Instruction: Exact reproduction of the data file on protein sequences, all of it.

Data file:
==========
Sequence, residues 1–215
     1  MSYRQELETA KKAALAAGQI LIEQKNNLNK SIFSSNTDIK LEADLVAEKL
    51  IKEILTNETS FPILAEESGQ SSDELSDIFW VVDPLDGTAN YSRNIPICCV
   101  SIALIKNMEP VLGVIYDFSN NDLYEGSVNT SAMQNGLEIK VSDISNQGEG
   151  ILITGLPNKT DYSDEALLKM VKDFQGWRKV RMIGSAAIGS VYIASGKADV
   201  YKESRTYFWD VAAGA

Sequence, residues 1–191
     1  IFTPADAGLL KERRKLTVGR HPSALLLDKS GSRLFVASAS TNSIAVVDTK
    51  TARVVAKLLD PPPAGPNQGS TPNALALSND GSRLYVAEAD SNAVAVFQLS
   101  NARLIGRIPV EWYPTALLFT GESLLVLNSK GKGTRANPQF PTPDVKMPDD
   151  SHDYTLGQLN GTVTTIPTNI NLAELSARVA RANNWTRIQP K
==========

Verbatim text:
Sequence, residues 1–215
     1  MSYRQELETA KKAALAAGQI LIEQKNNLNK SIFSSNTDIK LEADLVAEKL
    51  IKEILTNETS FPILAEESGQ SSDELSDIFW VVDPLDGTAN YSRNIPICCV
   101  SIALIKNMEP VLGVIYDFSN NDLYEGSVNT SAMQNGLEIK VSDISNQGEG
   151  ILITGLPNKT DYSDEALLKM VKDFQGWRKV RMIGSAAIGS VYIASGKADV
   201  YKESRTYFWD VAAGA

Sequence, residues 1–191
     1  IFTPADAGLL KERRKLTVGR HPSALLLDKS GSRLFVASAS TNSIAVVDTK
    51  TARVVAKLLD PPPAGPNQGS TPNALALSND GSRLYVAEAD SNAVAVFQLS
   101  NARLIGRIPV EWYPTALLFT GESLLVLNSK GKGTRANPQF PTPDVKMPDD
   151  SHDYTLGQLN GTVTTIPTNI NLAELSARVA RANNWTRIQP K